defines a vector pointing toward the +z axis in "object" space, which is implicitly transformed into the equivalent vector expressed in the "current" coordinate system. Points, vectors and normals passed through the RenderMan Interface are interpreted to be in "shader" or "object" space, depending on whether the point variable was set using a shader command or a geometric primitive command, respectively.

#### Shaders

Shaders can be types, too, meaning they can be passed as shader parameters. That is, a string (i.e. a shader handle) can be provided as a value for a parameter of type "shader", enabling layer shaders, light shaders, et al., to access co-shaders as parameters, rather than parsing a co-shader list.

#### Strings

Strings are used to name external objects (texture maps, for example). String literals (or constants) are enclosed in double quotes, as in the C language, and may contain any of the shadard C "escape sequences" (such as n for newline or " for a quote).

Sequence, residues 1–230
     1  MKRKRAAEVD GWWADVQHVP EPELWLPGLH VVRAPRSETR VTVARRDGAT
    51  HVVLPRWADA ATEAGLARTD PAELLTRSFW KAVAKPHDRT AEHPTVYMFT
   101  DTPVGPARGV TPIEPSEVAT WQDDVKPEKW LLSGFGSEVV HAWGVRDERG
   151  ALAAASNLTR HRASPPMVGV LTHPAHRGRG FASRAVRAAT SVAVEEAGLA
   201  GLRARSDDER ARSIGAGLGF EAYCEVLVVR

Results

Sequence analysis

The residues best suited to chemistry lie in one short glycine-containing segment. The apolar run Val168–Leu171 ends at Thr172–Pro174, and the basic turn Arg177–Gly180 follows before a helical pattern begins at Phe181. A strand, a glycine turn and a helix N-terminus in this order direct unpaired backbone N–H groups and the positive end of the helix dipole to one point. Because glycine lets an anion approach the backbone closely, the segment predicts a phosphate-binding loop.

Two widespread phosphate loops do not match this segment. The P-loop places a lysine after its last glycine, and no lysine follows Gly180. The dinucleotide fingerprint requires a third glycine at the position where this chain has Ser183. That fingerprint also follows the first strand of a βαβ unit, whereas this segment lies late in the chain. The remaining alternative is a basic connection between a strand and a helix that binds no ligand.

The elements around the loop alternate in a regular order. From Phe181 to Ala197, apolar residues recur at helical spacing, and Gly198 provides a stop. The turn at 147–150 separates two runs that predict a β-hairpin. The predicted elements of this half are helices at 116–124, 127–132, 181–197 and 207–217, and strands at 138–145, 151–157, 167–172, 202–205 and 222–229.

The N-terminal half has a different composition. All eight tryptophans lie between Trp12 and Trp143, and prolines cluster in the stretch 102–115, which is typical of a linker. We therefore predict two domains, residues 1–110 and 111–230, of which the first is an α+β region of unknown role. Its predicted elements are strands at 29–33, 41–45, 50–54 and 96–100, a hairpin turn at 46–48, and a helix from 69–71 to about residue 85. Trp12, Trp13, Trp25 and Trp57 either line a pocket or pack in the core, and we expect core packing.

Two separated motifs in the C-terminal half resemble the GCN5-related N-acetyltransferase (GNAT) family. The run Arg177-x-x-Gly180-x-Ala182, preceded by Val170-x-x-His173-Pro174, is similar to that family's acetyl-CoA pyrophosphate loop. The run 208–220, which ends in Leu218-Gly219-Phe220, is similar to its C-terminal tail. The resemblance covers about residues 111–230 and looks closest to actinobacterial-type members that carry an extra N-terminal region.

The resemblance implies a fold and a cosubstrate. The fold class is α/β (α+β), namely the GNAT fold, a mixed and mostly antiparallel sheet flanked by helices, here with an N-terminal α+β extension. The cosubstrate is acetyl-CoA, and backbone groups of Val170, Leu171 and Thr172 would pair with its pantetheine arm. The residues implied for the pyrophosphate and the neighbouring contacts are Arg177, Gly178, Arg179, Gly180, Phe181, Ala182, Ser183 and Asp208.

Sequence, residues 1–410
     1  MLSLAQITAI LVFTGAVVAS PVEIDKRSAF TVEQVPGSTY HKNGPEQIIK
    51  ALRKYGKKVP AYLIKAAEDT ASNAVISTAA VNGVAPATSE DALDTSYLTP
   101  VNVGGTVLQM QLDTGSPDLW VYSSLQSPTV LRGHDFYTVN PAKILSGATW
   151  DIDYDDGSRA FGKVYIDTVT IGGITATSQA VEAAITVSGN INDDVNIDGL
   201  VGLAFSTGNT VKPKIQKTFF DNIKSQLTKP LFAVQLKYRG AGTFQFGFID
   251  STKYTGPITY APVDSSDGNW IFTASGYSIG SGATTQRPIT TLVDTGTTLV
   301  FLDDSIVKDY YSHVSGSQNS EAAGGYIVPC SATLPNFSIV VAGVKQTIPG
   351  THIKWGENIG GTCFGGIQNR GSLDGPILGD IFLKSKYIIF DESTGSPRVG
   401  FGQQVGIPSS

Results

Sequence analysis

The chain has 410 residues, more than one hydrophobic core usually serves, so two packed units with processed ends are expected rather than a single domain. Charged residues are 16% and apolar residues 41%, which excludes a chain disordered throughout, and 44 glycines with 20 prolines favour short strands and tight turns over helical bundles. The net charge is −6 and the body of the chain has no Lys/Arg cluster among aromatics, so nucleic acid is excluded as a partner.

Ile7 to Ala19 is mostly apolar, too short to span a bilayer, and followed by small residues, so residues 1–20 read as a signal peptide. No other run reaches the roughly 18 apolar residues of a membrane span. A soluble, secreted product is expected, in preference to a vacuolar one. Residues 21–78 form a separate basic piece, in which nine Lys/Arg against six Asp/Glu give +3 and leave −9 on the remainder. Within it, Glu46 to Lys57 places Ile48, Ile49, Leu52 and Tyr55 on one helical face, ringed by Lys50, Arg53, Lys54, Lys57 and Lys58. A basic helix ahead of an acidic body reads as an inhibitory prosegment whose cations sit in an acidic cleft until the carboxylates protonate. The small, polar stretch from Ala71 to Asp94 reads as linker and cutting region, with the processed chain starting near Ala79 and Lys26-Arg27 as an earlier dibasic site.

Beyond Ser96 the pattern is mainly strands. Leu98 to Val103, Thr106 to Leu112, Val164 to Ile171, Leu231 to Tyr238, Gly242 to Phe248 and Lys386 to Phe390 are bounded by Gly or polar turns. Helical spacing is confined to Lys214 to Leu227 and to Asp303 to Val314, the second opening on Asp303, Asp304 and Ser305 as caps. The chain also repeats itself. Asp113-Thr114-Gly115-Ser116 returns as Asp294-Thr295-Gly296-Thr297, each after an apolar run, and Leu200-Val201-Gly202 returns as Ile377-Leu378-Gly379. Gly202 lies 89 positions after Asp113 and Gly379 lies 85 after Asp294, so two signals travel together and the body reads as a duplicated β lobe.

#### Matrices

The Shading Language has a `matrix` type that represents the transformation
matrix require to transform points and vectors from one coordinate system to
another. `matrix` is a first-class data type in the language,
so it can be used to declare shader instance parameters, local
variables and function parameters. Beware if you declare
`matrix` of type `varying`.

`matrix` variables can be tested for equality and inequality
with the `==` and `!=` boolean operators. In addition,
some functions will accept `matrix` variables as
arguments, as described below.

A `matrix` is, internally, a 4x4 homogeneous
premultiplication transformation matrix. However, our intent was to
maintain the programmer's model that the `matrix` is an atomic
data type, not a 2-dimensional array. Individual rows, columns or
elements will not be accessible through any form of array notation.
When used as a shader instance parameter, it is used in cooperation
with the matching RIB declaration type `matrix` to pass 4x4
transformation matrices into the shader. As with the `point`
data type, a `matrix` in the RIB stream represents a quantity
relative to the then-current object space, while a `matrix` in
the Shading Language represents a quantity relative to the renderer's
`"current"` space. Thus, there will be an implicit